The Democratic governors of Wisconsin, Kansas, and New Jersey have proposed spending $79 million, $37.5 million and $7.7 million on upgrades, respectively. Republican lawmakers in Florida have proposed spending $73 million over two years to start fixing the state’s website.
Florida’s system was plagued by delays, overspending, and technical problems even before its launch in 2013. It’ll cost $244 million over five years to fix, according to a joint study by the state Department of Economic Opportunity and iSF, a consulting firm.
The department’s executive director, Dane Eagle, compared the unemployment insurance system to an outdated cell phone during a March hearing. “We were issued an iPhone in 2013, we didn’t do the updates or bother to get a new iPhone in that process, and we’re still operating on older data,” he said.
Florida processed more claims in 2020 than in the prior eight years combined, Eagle said. His agency has tried to patch things up and add capacity, installing 82 new servers and training hundreds of new call center workers, and is working with lawmakers on legislation that would require some tech upgrades.
In Wisconsin, the Republican-controlled legislature rejected Democratic Governor Tony Evers’ proposal to improve technology but approved a bill, which the governor signed, that instructs the agency to seek out contractors first for the work.
“If we allocate $80 million, like the governor asked for, the bids will be at least $80 million,” Republican state Senator Howard Marklein, co-chair of the Joint Committee on Finance, said in an email. “We need the administration to do the work, request proposals, make a plan, and come back with actual bids so that we know the real cost to update this technology.”
Democrats in several states want to expand benefits or make them easier to access. A New Jersey bill would allow workers who earn as little as $100 a week to qualify, for instance. A Minnesota bill would allow high school students to qualify. And in Florida, several Democrats and one Republican, Sen. Brodeur, have filed separate legislation that would increase benefit amounts.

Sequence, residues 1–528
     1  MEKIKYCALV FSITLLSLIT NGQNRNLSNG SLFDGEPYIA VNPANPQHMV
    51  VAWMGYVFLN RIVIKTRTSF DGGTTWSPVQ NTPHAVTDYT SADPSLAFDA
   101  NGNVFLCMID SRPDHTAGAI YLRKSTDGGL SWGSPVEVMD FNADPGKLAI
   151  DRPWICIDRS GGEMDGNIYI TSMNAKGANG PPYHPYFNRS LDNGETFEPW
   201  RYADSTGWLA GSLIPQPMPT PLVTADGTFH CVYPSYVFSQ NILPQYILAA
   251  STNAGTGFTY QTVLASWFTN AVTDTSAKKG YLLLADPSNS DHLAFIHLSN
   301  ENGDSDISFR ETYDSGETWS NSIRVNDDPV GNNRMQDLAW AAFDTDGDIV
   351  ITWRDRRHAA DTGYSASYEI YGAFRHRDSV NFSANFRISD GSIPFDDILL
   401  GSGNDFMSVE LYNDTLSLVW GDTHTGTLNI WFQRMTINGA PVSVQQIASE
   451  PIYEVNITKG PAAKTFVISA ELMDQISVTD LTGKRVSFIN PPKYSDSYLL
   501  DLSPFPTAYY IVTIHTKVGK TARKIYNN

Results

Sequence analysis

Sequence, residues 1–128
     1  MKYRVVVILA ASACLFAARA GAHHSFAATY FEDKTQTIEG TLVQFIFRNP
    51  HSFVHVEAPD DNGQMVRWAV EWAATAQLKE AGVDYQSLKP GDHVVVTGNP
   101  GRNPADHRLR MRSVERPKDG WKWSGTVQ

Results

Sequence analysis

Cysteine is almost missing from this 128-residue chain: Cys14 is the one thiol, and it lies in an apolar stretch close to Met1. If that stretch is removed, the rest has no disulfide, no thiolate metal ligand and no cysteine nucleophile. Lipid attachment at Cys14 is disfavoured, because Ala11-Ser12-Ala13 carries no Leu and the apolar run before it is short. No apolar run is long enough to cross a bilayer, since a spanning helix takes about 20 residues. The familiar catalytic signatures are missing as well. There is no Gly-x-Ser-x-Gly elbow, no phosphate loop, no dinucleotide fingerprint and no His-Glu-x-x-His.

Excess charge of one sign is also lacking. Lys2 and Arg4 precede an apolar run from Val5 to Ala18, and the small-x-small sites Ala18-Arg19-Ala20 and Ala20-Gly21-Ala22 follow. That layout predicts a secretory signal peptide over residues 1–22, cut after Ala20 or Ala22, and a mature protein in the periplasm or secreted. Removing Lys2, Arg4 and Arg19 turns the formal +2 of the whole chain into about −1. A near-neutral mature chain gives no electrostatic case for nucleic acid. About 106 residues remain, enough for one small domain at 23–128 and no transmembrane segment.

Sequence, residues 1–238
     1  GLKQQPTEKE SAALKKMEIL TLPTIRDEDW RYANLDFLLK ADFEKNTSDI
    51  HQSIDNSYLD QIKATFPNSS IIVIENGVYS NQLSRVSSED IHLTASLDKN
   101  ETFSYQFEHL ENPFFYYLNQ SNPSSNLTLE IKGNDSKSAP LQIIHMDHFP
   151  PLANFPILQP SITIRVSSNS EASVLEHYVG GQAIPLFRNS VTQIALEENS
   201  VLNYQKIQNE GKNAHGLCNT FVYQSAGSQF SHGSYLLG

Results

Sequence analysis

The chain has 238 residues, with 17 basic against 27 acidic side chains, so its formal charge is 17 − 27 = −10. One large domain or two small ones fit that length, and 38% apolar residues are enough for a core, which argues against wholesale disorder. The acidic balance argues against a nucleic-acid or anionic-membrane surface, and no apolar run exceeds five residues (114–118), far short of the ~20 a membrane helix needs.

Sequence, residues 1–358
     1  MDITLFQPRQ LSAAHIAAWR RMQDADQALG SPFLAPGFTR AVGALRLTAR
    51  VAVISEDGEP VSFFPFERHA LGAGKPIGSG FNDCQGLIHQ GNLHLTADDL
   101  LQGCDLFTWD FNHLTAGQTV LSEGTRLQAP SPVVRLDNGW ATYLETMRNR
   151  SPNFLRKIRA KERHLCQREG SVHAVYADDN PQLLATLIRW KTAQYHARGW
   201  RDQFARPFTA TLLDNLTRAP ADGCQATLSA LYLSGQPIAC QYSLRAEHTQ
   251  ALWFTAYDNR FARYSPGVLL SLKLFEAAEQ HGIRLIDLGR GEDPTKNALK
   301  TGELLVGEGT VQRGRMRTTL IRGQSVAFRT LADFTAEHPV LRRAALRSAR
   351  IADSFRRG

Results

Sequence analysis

“My concern, with my bill, is that we don’t just fix the website and think everything’s okay,” Sen. Taddeo said. She proposed increasing weekly benefits to a maximum of $600, up from $275, and a minimum of $200, up from $32, and allowing Floridians to claim benefits for at least 26 weeks.
Rep. Eskamani has proposed separate legislation increasing weekly benefits to between $100 and $500 for 26 weeks, adjusting how benefits are calculated, allowing people to qualify if they seek part-time work, and suspending work search requirements during an emergency, among other changes.
She said a strong unemployment system will be key to Florida’s economic recovery because better benefits help people keep food on the table and avoid homelessness. “A functioning unemployment system is one of the best stimulus [policies] that a state can craft for its people,” she said.
Some Republicans in the state have said they don’t think low benefit amounts are a problem. “I don’t know the issue was amounts, it was access,” state Sen. Danny Burgess, chair of Florida’s Select Committee on Pandemic Preparedness and Response, recently told The Palm Beach Post.
But there could be room for compromise.
“I think all of us are more than happy to look at a different level of benefits,” said Republican state Representative Chip LaMarca.
Meanwhile, unemployment rates nationwide are falling as businesses reopen and companies anticipate the end of the pandemic. Johnson was called back to her restaurant job this week part-time and is planning to go, even though she’ll earn less money there than she would on expanded unemployment benefits.
“I’d rather keep my foot in the door and go back to work,” she said.
Sophie Quinton is a staff writer for Stateline.
This article was previously published on pewtrusts.org and appears in this issue of Trust Magazine.